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Tips for Ordering Valentine's Day Flowers

But First: An Official Doyenne Disclaimer!

January 31, 2001

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#1 Order Early, Like Today
The day before Valentine's Day is not considered early, at least not by florists, who say that February 13th is at least as bad as the 14th. To hear them tell it, even the 12th is a little late, certainly for arrangements if not for a dozen roses. The advantages to early ordering are enormous, ranging from better prices and a larger selection of flowers to more amenable, less stressed sales help. Heaven help the Californian who wakes up late on the 14th, and decides to order flowers for a friend in New York. He'll be lucky if that New York florist even answers her phone (which, come to think of it, may be a blessing in disguise).

#2 Don't Order Online; Talk to a Real Florist
Forgive my unequivocal tone, but this is not the time of year for on-line ordering. You need to speak to a real, live florist to get the most bang for your buck. You can use the internet as a Yellow Pages to locate businesses out-of-town, or ask your own trusted florist to place that long distance order for you.

Whether you're sending a mixed spring bouquet or a box of long-stemmed roses, a florist will level with you about what flowers she has in stock and which are currently looking the best. What's the point in sending ratty red roses when the florist's shop is brimming with gorgeous shades of lavender and peach? All this presupposes that you're also going to be flexible, particularly if you're putting in your order within a week of Valentine's Day. In fact, understanding as you do the pressures your florist is under, you're not only going to be flexible, but very, very nice.

#3 Know What You Want
Bearing in mind that you'll willingly make substitutions if you can't get what you want, think a few things through before ordering.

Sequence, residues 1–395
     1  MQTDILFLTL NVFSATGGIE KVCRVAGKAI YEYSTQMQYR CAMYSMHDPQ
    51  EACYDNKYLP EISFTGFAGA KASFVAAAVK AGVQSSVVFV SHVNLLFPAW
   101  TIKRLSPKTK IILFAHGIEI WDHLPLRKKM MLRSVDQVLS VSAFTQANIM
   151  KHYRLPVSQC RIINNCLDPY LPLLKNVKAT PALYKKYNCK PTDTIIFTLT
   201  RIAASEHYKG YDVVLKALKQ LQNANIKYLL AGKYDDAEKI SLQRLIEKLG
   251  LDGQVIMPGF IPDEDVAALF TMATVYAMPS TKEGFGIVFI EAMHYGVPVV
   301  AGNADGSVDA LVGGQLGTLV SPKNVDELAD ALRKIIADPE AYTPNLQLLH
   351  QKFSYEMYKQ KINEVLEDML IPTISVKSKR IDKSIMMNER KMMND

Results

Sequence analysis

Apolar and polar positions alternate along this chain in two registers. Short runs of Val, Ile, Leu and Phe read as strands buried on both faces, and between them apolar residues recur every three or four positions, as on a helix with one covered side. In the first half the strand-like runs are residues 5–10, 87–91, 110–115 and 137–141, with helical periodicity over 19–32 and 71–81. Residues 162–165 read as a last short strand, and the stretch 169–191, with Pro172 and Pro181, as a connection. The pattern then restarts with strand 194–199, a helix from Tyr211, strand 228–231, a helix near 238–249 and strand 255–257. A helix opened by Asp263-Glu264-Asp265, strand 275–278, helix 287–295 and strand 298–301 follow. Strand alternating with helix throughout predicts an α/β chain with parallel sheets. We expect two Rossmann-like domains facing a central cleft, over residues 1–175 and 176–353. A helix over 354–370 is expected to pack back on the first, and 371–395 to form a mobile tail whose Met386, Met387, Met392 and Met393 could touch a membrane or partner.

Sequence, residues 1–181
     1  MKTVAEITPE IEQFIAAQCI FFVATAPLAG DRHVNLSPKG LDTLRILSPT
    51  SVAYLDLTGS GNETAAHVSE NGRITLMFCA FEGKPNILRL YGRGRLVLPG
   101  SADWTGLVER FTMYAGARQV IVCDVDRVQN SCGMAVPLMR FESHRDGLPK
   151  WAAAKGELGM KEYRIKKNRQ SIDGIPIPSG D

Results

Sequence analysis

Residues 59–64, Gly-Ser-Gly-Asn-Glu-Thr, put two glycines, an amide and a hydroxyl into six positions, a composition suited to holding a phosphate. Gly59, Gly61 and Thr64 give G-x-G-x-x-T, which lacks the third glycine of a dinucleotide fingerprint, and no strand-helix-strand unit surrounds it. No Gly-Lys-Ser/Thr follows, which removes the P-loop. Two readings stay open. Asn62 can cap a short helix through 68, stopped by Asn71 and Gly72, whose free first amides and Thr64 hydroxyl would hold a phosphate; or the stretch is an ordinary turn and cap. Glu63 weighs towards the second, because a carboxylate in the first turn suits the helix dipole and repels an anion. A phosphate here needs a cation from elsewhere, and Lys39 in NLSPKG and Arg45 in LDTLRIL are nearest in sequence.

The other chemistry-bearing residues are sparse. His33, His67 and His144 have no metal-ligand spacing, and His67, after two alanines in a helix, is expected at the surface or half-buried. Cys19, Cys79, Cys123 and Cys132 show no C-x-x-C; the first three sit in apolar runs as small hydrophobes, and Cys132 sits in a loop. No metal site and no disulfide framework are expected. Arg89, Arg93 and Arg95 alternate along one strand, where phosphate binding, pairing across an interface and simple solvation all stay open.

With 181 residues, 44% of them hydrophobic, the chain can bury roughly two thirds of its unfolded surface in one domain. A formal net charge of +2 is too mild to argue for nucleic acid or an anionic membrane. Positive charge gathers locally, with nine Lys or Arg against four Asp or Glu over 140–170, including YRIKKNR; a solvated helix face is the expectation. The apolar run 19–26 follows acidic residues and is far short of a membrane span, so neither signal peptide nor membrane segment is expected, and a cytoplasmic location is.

• Have a price range in mind and be prepared to spend $15 more than you think is reasonable. (If you've only got $35 to spend, you're better off at an upmarket grocery store with its own flower vendor).
  • Decide whether you want an assortment of flowers in a box, or a vase-filled floral arrangement (flowers in a box are a good choice for a gardener; otherwise, it's a crap shoot whether the recipient will enjoy arranging flowers, let alone have a vase).
  • If you order an arrangement, choose a vase color (clear or blue glass) and a style: formal or informal.
  • Ask that the colors be kept simple (three colors, max; two is better), express any strong color likes or dislikes (either yours or your Valentine's).
  • If you want something out of the ordinary, be sure to say "No mums, no carns, no gyp". That's florist talk for chrysanthemums, carnations, and gypsophila (as in baby's breath), which all combine to spell b-o-r-i-n-g.


    #4 Reconsider Roses, or at Least Red Roses
    If it's February and you want to court romantic favor, you send roses. I won't argue with you. But at least allow me to point out the joyous optimism and financial wisdom of sending several dozen spring flowers instead (buy red tulips when the flower petals are still a little green but showing enough color to indicate what they'll be).

    And hear me out about red roses, whose attributes pale in comparison to other kinds. They are often the least fragrant, they do not last the longest, and they are guaranteed to be the most difficult to find young and fresh (tell me about it). Also, long-stemmed reds tend to live life as tight, bullet-headed buds for a week, then open and fall apart; other varities "blow open", which means they'll be half or full open within a day of two, then last for a week to ten days.

    #5 Cost and Guarantee
    When ordering from a florist, expect to spend at least $75 for a dozen, long-stemmed roses in a vase (the price will go up the closer you get to VDay). Figure you're paying at least $8 for the container and $10 delivery. You can find roses for less when shopping on-line, but if you're reading this within a week of the big event, quality is bound to plummet.

    What you can do is buy from a company that offers a 100% guarantee, one that will make good on your order if something goes wrong (lousy flowers, wrong color, late delivery, etc.). Understand that they won't be making good on anything until after this holiday, but if it means another dozen roses a few weeks later, who's the worse?

    #6 Go Ahead, Ignore my Advice, Order On-line
    If you're going to order on-line, skip the vase arrangements and order cut flowers in a box. Here's a couple of highly rated websites; just be sure to double-check that you're getting a 100% guarantee:





    And for a directory of florists, try this:


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    Copyright © 2003 National Public Radio, Washington, D.C.